Text is a lot safer to work with. I'll be working with a lot of sound effects in my game, though. (Adding heavy breathing, heart pounding, low hz drone sounds, etc.)

At this point I'm pretty much looking for ideas on how I can create a good "scary" atmosphere to an otherwise silent game :)

 

Any thoughts/ideas would be appreciated. I love to hear different opinions on such subjects. :D

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Good background music is important as well I believe. The whole genre of horror is kind of unique in that it uses dicordant sounds and music. Playing sounds against eachother instead of together, with harsh transitions between low and high pitched sounds. 

 

I'm not a composer, so that those are very broad strokes, but the internet is a treasure trove on information.

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Ambient sounds and music are super important. The best are when the music is creepy, but not foreboding and then changes like something's about to happen. Then nothing does.

Sounds like footsteps following the player, and stopping when they stop, creaks and bangs, laughter, moans, cries. There's a ton of stuff you can do with sound effects. Even something as simple as a really creaky door or floorboards randomly creaking go a long way in setting the ambiance. 

 

Good music selection and lots of sound effects can take the place of spoken dialogue. The silence can work to your advantage if it's done properly.

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It sort of depends on the game. Speech is good if it works for your game. What I would find difficult is getting different voices. For my game I would need a minimum 16 voices just for the playable characters, then 100+ for any relevant characters in game. Short of paying thousands of dollars for voice actors, I'll stick with the text.

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Speaking from the biological side of horror, the mind processes sound faster than images and horror relies on you not really having time to approach things rationally. Also voiceovers would take control of the story's pace away from the player, making them weaker subconsciously and again, pressuring them to focus on things moment by moment rather than dwell casually on things. All this ignores the practical side of voiceacting that others have stated since I'm going to assume that if you're asking this in the first place its because you already have means to the end (although I don't understand why you wont ask your friends; are you suggesting you will do all the voiceacting yourself because its a solo project?)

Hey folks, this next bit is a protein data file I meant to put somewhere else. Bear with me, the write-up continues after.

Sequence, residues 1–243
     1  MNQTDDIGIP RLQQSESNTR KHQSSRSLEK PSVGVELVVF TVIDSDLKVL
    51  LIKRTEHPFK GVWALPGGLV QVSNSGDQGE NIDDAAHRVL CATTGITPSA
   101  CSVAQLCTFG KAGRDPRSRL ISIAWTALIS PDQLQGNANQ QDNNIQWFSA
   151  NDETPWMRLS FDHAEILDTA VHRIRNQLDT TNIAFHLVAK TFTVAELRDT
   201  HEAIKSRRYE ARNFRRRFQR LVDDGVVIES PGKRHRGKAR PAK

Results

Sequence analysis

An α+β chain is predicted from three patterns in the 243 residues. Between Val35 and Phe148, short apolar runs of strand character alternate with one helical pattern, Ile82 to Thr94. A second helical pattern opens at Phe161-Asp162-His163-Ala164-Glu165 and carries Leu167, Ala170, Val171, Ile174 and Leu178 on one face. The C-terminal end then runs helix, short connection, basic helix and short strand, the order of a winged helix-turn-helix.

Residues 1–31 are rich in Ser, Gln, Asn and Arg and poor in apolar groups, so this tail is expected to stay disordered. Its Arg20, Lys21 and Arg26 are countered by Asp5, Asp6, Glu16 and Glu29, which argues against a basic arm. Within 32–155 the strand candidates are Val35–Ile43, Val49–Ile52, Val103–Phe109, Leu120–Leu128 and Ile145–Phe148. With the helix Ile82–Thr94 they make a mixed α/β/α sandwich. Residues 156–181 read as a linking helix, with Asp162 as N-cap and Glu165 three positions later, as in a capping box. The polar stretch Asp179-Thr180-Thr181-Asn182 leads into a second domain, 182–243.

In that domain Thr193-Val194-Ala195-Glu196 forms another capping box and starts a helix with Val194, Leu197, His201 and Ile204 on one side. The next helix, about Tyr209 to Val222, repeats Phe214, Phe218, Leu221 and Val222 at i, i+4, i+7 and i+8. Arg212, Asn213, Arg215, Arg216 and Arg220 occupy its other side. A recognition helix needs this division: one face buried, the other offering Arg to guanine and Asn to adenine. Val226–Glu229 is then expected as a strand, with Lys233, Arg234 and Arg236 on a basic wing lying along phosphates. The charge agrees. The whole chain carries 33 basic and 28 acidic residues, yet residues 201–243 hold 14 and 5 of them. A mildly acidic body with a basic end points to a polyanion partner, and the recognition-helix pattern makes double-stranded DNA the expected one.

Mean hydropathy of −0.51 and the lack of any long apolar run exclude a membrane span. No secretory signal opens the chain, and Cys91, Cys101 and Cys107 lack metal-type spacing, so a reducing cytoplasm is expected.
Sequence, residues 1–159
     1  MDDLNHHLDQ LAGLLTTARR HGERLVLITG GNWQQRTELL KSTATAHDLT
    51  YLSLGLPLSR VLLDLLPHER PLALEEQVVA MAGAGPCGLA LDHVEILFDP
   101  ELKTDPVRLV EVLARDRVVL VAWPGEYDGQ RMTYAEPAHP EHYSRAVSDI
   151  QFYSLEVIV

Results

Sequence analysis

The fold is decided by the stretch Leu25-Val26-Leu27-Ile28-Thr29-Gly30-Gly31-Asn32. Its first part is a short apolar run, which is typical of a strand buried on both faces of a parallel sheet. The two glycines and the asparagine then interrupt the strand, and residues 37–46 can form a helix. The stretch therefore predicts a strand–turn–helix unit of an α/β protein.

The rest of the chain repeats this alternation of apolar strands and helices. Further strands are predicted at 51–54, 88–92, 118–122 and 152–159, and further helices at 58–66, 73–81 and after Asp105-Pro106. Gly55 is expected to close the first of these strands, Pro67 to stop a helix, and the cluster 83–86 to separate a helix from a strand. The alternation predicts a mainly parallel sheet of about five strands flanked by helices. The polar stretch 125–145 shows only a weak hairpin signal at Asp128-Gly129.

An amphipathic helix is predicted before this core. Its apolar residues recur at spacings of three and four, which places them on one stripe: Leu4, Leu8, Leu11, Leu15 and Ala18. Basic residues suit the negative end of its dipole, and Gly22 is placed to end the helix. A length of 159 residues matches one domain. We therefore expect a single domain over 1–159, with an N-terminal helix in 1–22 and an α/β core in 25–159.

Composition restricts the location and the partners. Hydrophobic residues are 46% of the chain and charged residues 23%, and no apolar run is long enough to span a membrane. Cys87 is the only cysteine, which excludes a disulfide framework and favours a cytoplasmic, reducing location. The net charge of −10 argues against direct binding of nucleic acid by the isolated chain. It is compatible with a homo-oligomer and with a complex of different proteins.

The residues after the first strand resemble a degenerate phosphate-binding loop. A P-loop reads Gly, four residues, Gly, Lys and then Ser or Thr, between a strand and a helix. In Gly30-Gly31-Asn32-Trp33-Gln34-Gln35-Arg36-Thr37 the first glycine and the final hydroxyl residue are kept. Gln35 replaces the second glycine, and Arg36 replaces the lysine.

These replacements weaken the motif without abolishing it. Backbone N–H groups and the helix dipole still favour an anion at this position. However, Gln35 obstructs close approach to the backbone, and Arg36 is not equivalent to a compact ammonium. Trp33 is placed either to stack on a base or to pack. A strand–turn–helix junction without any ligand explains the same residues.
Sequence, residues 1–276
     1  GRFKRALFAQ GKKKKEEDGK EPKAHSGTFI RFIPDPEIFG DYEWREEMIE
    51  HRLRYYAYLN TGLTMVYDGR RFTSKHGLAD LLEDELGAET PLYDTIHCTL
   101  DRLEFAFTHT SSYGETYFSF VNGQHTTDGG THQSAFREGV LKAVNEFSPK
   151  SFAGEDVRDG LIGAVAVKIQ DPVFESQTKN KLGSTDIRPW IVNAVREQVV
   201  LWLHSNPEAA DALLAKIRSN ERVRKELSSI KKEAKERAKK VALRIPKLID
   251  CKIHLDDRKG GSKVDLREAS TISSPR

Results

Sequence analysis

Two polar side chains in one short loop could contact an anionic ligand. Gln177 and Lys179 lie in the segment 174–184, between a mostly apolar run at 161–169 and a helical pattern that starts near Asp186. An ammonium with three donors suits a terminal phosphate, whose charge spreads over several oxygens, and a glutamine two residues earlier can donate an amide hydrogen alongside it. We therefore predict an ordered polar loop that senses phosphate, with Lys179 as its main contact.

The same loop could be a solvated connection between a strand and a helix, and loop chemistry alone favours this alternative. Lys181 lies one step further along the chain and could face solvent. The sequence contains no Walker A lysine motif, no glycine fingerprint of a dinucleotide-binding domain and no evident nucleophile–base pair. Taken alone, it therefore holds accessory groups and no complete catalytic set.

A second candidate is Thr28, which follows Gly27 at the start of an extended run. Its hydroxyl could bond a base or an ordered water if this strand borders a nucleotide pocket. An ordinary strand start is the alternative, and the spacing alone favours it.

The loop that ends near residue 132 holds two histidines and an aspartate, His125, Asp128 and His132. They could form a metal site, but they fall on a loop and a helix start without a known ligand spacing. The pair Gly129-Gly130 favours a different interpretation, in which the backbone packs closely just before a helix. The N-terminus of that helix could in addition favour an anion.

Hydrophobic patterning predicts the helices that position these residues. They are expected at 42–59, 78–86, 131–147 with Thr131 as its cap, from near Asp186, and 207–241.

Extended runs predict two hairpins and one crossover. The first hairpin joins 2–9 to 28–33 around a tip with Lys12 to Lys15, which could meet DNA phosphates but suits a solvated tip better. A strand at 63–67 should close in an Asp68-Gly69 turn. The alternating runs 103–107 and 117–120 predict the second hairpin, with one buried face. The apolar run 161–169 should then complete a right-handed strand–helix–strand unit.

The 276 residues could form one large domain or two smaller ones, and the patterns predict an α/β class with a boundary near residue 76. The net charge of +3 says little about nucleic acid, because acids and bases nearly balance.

That being said. Old men like me appreciate subtitles to our voiceovers and would be half-reading anyway :3

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50 minutes ago, Tarq said:

Speaking from the biological side of horror, the mind processes sound faster than images and horror relies on you not really having time to approach things rationally. Also voiceovers would take control of the story's pace away from the player, making them weaker subconsciously and again, pressuring them to focus on things moment by moment rather than dwell casually on things. All this ignores the practical side of voiceacting that others have stated since I'm going to assume that if you're asking this in the first place its because you already have means to the end (although I don't understand why you wont ask your friends; are you suggesting you will do all the voiceacting yourself because its a solo project?)

 

That being said. Old men like me appreciate subtitles to our voiceovers and would be half-reading anyway :3